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In the second volume of her autobiography, this book describes the life of Nadezhda and her husband Osip Mandelstam, providing an interpretive background for his poetry. The book also describes some distinguished contemporaries, including Anna Akhmatova, Boris Pasternak and Nikolai Bukharin.
permission to practice, for an hour twice a week, in a riding school. Just before we left for Samatikha, where he was to meet his doom, M. went with me to see Zenkevich. Misha was just leaving for his riding school and ran off without even taking a last look at M.—now he talks ruefully about how he could so easily have skipped his riding lesson just that once, but it never crossed his mind that he would never see M. again . . . if only he had known! Misha was by nature utterly naive and innocent,
eyes” of the final text cannot possibly apply to Arbenina, whose Return j^ eyes were light-colored. “Dear shadow,” “ dear dark eyes,” are words that always crop up in connection with music, and for Mandelstam— as for Marina Tsvetayeva—this theme was associated with his mother. I know only one detail (which I heard from both him and her) about M.’s relations with Olga Arbenina: they too once went to the ballet together; afterward M. took her home—this was when their quarrel took place—and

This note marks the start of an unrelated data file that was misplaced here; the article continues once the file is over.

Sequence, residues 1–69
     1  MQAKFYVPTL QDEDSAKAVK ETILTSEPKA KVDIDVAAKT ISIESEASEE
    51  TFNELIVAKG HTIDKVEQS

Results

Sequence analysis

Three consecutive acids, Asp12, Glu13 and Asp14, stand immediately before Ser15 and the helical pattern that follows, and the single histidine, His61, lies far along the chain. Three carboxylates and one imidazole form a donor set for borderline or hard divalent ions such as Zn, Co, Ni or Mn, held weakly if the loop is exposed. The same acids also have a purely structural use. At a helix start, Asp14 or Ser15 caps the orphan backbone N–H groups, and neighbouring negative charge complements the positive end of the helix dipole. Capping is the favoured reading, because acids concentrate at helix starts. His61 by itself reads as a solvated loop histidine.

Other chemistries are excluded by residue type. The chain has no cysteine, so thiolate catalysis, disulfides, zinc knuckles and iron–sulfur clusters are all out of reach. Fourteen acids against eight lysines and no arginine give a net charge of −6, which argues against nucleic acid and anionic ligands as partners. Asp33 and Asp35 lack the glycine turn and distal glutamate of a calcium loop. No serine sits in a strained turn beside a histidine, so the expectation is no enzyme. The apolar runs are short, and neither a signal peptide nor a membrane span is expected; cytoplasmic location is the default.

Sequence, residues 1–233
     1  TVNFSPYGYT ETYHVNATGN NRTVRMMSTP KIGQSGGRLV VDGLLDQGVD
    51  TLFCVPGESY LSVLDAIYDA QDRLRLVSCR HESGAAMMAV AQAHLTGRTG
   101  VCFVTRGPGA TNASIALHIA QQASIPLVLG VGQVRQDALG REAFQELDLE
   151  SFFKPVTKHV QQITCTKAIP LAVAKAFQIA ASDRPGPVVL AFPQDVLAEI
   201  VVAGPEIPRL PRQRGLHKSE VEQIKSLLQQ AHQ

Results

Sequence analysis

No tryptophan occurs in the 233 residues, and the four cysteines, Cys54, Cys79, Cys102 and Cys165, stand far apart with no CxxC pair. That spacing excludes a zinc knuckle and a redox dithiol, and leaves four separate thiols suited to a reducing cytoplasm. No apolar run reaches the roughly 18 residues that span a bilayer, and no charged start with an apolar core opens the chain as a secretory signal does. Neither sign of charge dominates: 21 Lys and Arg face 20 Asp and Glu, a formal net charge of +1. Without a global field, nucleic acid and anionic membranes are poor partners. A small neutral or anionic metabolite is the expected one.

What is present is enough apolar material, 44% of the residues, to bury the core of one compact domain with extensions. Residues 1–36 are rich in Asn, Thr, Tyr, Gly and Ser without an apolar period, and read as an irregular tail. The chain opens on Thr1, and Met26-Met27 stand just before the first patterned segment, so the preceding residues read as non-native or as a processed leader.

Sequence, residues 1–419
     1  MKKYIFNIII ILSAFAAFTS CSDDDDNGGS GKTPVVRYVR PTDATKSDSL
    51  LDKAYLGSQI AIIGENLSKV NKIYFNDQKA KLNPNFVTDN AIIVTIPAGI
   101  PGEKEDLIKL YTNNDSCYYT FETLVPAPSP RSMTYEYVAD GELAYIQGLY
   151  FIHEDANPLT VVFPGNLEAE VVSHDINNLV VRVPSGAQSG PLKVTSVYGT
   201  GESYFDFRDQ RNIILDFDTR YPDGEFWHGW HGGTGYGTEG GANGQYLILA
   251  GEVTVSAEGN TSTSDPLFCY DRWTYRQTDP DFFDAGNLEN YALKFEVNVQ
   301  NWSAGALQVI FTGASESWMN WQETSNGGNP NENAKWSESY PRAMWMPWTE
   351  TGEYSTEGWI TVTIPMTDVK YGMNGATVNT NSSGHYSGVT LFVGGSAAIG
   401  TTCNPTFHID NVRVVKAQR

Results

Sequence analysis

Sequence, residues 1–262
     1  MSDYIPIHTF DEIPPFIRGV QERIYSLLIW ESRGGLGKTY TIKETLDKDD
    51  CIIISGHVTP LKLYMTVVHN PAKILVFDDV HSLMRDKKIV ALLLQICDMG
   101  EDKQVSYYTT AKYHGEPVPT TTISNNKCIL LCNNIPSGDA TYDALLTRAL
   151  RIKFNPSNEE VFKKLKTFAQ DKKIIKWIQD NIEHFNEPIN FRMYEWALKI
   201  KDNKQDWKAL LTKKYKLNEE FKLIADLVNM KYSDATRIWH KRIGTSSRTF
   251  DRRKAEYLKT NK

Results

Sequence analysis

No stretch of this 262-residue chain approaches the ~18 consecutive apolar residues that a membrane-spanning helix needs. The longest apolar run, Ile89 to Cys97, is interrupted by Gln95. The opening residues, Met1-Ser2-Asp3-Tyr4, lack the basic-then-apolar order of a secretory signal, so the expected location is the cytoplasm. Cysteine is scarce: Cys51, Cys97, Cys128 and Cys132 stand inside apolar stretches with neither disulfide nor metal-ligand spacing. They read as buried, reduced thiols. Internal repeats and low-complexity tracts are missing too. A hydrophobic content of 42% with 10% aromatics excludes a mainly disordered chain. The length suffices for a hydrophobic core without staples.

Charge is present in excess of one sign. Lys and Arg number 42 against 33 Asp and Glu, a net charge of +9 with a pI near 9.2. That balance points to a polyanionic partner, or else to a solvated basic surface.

importance. . . . By the end of March (what Style?) we were in Moscow. There was no question of returning to Petersburg. M. wouldn’t go there even to see his father. He just hadn’t the heart to return to the “ darkness of nonbeing.” So we settled in Moscow, which was a strange and alien city to him. (He had already earlier written the line: “All is foreign to us in the unseemly capital”—by “ us” here, I think he meant people of Petersburg.) It was easier for him to begin En Route yg a new
As we know only too well, history is constantly being falsified right in front of our eyes, and the older generation, exploiting the indifference of the young, cleverly hood winks them. One and the same event can look quite different when treated from varying points of view. As an example I could mention my memory of how a church was pillaged during the confiscation of ecclesiastical property, as compared with an account of the same events published in one of our literary monthlies. The woman
man who was even inclined to think for himself a little. After spending the war years in Tashkent, he decided to return home and reached an agree ment with another university concerning jobs for both himself and his wife. His family left, but he was not allowed to go with them until a replacement could be found of exactly equivalent rank, to avoid any change in the establishment as laid down. In this country, as in * A standard type of apartment in the Soviet Union: tenants live in rooms off a